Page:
Saturday, November 12, 2016
What is observed is not always what is seen. In fact, the perception of the world through sight can obscure reality; overwhelming the senses with an immediacy that precludes more complex comprehension. Like a flash dims vision, certain images can conceal the meaning that lies beyond; evoking an awareness dulling blindness brought on by fear and hatred.
When we are trained to react to certain stimuli with revulsion, our perception of something fitting the pattern evokes a visceral response; clouding our judgement and leaving us vulnerable to instinctive reactions. Thus, the homeless person asking for money incites anger, and prompts a harsh reply to a simple request. The ethnically dressed individual moves us to scorn their attire as disruptive or disingenuous. Protestors become ungrateful children, whining pathetically or shouting dangerously at a system they should respect. Those with whom we disagree morph into deplorable creatures deserving contempt and punishment. What we think we see precludes an objective analysis of who stands before us, and allows condemnation to flow uninhibited.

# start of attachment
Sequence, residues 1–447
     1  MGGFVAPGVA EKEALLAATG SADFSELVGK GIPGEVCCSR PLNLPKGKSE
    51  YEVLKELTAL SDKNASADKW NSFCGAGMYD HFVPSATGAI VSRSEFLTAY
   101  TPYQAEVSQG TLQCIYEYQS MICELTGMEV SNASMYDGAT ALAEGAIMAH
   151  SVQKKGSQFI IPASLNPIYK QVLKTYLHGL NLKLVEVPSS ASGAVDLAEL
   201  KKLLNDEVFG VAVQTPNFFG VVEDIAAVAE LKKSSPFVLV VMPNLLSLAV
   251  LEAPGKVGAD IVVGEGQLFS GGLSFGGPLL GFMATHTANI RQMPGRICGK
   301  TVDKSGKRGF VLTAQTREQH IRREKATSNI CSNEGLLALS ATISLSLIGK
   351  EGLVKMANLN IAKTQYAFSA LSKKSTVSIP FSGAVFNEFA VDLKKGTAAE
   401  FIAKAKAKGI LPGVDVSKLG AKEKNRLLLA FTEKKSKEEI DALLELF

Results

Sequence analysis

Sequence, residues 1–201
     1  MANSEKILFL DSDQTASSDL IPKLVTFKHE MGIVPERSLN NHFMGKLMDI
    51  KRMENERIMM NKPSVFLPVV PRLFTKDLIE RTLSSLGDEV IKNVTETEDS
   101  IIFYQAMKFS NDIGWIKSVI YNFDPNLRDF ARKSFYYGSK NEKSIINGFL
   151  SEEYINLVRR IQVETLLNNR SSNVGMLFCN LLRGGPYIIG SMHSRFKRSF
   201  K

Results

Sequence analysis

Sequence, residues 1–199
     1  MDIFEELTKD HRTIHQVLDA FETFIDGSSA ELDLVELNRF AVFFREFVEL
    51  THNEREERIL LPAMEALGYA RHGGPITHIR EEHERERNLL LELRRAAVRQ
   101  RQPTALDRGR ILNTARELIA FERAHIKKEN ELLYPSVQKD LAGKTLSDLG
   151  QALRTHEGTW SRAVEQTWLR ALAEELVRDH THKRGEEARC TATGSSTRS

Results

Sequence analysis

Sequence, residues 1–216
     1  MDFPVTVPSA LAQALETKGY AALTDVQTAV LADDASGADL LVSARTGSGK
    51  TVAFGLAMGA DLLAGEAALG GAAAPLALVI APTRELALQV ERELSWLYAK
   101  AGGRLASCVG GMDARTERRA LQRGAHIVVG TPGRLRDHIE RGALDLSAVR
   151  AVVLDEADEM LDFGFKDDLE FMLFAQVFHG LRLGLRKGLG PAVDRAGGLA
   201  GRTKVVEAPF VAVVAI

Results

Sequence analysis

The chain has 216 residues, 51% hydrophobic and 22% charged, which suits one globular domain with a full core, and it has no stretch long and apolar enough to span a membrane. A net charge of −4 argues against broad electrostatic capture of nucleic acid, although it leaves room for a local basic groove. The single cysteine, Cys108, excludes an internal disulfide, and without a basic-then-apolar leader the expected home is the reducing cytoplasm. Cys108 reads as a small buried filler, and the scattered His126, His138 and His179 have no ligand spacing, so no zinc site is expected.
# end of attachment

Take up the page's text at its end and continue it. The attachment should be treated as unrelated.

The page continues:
This self indulgent diminishment of our moral judgements cripples us. The less we see clearly, the darker the environment becomes, and the less likely we are to act appropriately. Monsters arise from the dimly lit shadows of our fading vision, threats that trigger the lighting of torches and the raising of pitchforks. The mentality of the mob pervades our mindset, even when alone, triggering deeds that even the coming darkness can not obscure. The sight of blindness is lost.